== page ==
He found shelter under the shack’s metal porch, squatting again, hoping to hear the unique percussion of hard rain on its corrugated iron surface. Facing the Catalinas he waited, each inhaled breath nearly intoxicating. Then it started . . . the thuds of pelting rain approaching, then the sudden and sustained crescendo on the metal roof . . . More than an hour later, day now darkening, with only occasional drops now falling, he put on his slightly damp shirt and began his long walk south to his home south of Old Main.

That long-ago storm . . . violent with wind, lightning, cloudbursts, and glorious tumultuous bank-to-bank hissing and occasional roaring of the Rillito, was still a strong memory, that of a participant who mildly regretted not having been able to capture more of the storm’s magnificence. He had settled for deep delicious breaths of damp desert air.

He returned more than half-a century later, driving mostly via paved roads and over a short rutted desert trail to the now weary and less isolated old casita, its adobe walls crumbled, cracked and fissured. Its corrugated roof, absent all but one wall’s support, was a rust streaked lean-to and rusty where nails had pulled loose. Unchanged were the gusts, felt through his open driver’s side window, of a monsoon on the way . . .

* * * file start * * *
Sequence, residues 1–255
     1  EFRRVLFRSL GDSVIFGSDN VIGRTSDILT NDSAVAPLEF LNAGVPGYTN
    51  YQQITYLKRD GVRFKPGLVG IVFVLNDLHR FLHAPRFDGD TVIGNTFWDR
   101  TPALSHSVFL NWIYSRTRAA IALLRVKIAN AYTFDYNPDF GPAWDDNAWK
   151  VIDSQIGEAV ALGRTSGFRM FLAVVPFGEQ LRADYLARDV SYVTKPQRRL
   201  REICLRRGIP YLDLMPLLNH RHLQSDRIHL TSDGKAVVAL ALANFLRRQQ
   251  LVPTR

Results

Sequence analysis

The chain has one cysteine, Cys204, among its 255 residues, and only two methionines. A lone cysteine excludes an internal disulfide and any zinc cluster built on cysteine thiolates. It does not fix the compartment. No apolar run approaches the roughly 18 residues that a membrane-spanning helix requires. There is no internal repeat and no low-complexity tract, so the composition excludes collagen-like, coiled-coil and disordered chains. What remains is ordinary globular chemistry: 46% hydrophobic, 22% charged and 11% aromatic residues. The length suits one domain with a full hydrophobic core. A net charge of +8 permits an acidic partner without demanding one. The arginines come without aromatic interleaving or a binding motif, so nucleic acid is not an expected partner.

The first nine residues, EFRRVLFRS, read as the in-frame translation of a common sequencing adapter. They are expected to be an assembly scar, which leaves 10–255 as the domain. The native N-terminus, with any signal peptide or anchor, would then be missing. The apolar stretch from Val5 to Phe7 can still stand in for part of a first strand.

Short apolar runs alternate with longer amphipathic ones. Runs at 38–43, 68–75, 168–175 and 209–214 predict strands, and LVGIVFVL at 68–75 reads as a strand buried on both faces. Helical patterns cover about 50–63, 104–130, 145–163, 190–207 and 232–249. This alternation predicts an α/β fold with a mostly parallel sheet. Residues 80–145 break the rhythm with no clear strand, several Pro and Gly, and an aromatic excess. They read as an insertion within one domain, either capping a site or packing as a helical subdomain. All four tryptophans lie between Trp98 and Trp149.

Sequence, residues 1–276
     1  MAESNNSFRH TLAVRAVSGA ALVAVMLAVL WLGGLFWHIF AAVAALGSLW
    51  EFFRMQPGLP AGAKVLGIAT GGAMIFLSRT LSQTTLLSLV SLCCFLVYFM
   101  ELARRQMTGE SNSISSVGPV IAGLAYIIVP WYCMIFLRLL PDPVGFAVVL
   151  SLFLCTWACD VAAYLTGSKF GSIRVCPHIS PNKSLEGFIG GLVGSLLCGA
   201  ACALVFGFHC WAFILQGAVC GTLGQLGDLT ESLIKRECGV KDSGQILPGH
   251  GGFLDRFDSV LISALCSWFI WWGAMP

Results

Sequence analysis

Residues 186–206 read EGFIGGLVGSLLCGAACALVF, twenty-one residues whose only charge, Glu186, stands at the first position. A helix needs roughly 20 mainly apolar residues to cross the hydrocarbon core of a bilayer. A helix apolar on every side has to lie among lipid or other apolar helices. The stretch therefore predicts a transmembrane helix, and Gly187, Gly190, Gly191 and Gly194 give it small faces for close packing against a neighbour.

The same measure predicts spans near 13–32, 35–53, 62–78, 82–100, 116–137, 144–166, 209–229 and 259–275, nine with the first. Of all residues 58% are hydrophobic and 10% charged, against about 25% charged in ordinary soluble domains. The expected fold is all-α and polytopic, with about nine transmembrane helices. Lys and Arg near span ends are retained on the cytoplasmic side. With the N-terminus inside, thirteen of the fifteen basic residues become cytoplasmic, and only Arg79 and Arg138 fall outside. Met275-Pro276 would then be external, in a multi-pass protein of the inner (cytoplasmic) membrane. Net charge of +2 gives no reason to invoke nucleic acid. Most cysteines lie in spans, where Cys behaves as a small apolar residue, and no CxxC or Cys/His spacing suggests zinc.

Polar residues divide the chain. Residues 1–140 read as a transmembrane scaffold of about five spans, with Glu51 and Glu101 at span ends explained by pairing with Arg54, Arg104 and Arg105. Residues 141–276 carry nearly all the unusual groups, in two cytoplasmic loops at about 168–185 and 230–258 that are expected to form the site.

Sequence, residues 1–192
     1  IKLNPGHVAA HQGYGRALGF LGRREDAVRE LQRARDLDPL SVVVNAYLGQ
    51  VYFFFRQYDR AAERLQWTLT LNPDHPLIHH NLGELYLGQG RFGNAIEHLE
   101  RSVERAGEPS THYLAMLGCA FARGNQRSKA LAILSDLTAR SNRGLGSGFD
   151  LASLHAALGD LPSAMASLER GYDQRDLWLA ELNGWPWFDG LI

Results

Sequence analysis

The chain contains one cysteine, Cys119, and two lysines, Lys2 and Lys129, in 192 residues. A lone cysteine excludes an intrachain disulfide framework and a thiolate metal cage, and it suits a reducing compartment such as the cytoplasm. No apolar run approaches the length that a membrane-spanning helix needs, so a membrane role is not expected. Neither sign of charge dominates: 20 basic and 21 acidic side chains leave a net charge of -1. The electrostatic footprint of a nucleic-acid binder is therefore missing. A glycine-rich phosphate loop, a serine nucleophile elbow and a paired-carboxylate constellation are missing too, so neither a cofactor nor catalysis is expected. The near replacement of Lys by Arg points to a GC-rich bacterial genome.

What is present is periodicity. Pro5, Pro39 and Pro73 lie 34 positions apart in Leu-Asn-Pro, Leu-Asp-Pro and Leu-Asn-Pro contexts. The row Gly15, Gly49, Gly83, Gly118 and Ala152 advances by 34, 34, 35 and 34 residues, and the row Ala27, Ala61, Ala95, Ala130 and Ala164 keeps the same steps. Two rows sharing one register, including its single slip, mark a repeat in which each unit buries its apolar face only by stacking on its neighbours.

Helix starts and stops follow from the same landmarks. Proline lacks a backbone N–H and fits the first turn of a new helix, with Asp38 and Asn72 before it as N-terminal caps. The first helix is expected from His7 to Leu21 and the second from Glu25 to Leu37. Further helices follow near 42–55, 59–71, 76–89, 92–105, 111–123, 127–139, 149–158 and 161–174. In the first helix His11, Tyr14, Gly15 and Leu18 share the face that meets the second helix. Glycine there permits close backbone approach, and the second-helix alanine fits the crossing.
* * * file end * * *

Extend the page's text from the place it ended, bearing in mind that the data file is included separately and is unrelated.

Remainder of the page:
He returned to the pavement and proceeded northward past the arroyo, up into the lower foothills to an isolated spot. He removed the obstructive Handicapped tag from his car’s mirror so he could better see the sky and mountains. The whir of all the electric windows lowering was modulated somewhat by the wind and sand gently striking his parked, northwest-facing SUV. He waited, watching the horizon, this approaching storm seeming less a wonder. He pondered the growth of the city upwards into the hills, with civilization’s additions giving them depth and contrast perceivable even without sunset lighting from the west.

The thunder this evening sounded softer, muted perhaps by the stucco softness of the structures which now contributed to defining the foothills. There was no rolling, just an occasional thunder echo, also dampened. He wondered how much of the sharpness of close thunder was attenuated by his aged eardrums and how much by civilization’s acoustics on the once empty hills. This monsoon flurry passed as a dusty freshet weakly giving rise to the “eau de damp earth and creosote.”